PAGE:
Saturday, May 29, 2010

Lavender is in bloom!

I discovered Sunshine Lavender Farm last year, thanks to a friend who had met Annie at the Hillsborough Farmers' Market.  I checked out her website and signed up for e-news.  Last June, I went to the annual Lavender Harvest Celebration at the farm.  I was curious to see how lavender could be grown here in North Carolina.  We had a wonderful day there, taking lots of photos while touring the farm,

eating Maple View Farm lavender ice cream made with Annie's culinary lavender,
learning about the drying process,

and making lavender sachets.
This year's celebration is June 5 and 6.  If you click on the Sunshine Lavender Farm link above and sign up for e-news and event updates, Annie will send you an e-vite to next weekend's event.  There is no entry fee, she just needs to know how many to plan for (and how much ice cream to order!!).  You can take your quilt or a chair, and your camera or paints (painting lavender en plein air...I wish).   There is a $5 charge for fresh lavender or crafts.  There will be lavender lemonade and food for sale, if you wish to picnic.  Lavender lotions, soaps and other wonderful items are for sale (cash or checks only).
Thank goodness there is no charge for smelling the lavender.  I'd go broke!

Here's a note Annie sent me--

A lot of the lavender will be at its peak next weekend.

There will be cooking demonstrations on the grill, sampling with lavender and other herbs.

The farm tour has been extended to 2 hours since they are popular, lots of questions, and so much to see and do. Lots of "how - to" demonstrations this year.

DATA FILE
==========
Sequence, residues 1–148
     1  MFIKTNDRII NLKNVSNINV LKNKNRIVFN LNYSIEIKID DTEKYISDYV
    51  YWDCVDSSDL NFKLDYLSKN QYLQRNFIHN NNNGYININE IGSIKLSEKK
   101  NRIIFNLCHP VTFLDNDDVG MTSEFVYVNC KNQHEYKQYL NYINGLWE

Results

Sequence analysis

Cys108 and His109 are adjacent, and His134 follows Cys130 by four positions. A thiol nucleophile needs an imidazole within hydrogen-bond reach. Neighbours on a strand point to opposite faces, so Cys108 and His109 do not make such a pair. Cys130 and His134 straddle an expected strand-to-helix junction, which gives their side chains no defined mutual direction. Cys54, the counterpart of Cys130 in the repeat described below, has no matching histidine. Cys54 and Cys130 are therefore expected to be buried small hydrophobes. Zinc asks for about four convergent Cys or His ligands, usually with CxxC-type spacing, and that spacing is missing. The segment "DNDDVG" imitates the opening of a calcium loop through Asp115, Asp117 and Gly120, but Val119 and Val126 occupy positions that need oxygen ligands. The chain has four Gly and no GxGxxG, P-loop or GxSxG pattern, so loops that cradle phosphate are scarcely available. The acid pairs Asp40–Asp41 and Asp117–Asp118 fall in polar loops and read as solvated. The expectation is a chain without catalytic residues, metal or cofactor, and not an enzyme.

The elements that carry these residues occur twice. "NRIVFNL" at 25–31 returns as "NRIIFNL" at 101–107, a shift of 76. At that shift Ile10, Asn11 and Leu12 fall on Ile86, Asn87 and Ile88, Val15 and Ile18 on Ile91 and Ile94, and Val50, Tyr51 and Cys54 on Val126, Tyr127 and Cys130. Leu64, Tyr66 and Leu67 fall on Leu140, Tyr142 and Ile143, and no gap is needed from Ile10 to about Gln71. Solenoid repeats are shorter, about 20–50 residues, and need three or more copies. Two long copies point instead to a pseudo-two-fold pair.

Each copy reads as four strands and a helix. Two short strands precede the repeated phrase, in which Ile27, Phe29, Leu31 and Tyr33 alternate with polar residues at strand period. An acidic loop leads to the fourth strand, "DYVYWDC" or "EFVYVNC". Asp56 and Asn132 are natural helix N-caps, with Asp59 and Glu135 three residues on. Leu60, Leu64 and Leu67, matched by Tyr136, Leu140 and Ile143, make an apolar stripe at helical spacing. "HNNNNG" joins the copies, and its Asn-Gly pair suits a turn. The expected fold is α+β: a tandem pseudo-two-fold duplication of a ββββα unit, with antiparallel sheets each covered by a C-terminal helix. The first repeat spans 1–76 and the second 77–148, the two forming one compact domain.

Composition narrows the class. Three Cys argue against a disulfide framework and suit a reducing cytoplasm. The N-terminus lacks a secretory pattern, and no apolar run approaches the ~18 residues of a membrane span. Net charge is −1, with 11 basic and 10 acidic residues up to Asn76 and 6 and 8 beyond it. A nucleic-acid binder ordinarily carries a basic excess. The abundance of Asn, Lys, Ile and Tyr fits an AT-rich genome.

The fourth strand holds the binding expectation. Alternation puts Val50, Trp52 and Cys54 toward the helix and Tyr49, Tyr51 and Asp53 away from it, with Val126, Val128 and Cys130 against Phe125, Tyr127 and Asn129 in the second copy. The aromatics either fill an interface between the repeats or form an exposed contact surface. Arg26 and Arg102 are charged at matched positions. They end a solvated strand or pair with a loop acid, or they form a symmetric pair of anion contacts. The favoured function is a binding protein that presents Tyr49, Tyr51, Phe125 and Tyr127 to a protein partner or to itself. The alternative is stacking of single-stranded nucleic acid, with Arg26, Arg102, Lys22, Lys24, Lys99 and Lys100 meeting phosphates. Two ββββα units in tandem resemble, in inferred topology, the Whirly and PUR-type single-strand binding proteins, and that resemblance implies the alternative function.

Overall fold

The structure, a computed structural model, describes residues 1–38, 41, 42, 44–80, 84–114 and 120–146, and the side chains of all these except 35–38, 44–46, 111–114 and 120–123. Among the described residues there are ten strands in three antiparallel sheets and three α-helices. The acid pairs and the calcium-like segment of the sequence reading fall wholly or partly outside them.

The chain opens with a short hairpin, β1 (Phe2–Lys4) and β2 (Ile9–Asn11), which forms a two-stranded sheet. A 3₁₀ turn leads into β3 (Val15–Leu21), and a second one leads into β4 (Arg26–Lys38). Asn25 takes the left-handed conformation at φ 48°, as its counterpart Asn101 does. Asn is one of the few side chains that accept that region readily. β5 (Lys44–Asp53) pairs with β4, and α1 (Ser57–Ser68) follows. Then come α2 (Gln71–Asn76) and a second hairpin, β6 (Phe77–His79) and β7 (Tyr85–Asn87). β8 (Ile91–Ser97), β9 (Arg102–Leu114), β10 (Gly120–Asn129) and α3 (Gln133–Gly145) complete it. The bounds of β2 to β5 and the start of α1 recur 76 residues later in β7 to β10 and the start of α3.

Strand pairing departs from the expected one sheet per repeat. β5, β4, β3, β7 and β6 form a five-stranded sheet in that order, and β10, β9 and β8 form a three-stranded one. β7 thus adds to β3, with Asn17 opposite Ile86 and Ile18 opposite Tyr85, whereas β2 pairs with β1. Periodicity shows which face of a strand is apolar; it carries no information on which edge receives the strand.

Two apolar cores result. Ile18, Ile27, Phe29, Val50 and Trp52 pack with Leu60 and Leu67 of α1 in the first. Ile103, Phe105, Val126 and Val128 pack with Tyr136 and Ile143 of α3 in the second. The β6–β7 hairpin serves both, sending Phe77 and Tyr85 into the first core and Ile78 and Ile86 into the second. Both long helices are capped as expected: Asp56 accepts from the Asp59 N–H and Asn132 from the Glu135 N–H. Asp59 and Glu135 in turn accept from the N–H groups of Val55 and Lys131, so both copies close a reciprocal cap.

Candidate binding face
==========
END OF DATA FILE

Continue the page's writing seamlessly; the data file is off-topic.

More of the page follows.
The Chocolate Lavender ice cream is back by popular demand.

The gardens all over the farm have been transformed to include more edibles like lingonberries, cranberries, and blueberries within the landscaping and the kitchen garden has so many raised beds for veggies, that I have sown a couple of rows of heirloom cotton! Arkansas Green Lint and Nankeen (a brown or copper). Grown only by slaves before 1860, colored cotton is now a natural way to gain color without chemicals or dyes. Not really sure what I will do with it, just trying it out. I read once that every gardener should know how difficult a task it is to grow and pick cotton by hand. Imagine the days before the cotton gin ...

Anyway, always a story to tell!

Annie's Lemon Lavender Butter Cookies 
(makes 6 1/2 dozen) 

1 Tbsp. lavender florets
1- 3/4 c. sugar, divided
1 lb. butter, softened
1/4 c. lemon juice
1 large egg
6 c. all-purpose flour
Garnish:  fresh lavender sprigs
Process lavender florets and 1/4 c. sugar in food processor until blended.
Beat butter at medium speed with electric mixer until creamy.  Gradually add remaining 1- 1/2 c. sugar, beating well.  Add lemon juice and egg, beating until blended.
Gradually add flour and lavender mixture, beating until blended.
Shape dough into 1-inch balls and place 2 inches apart on lightly greased baking sheets (**my note-- I line my baking sheets with parchment paper).  Flatten slightly with bottom of a glass dipped in sugar.
Bake at 350F for 8-10 minutes or until lightly browned.  Cool on wire racks. 
Garnish, if desired.

Bon appétit, Sunshine Lavender Farm and Annie!  See you next weekend!

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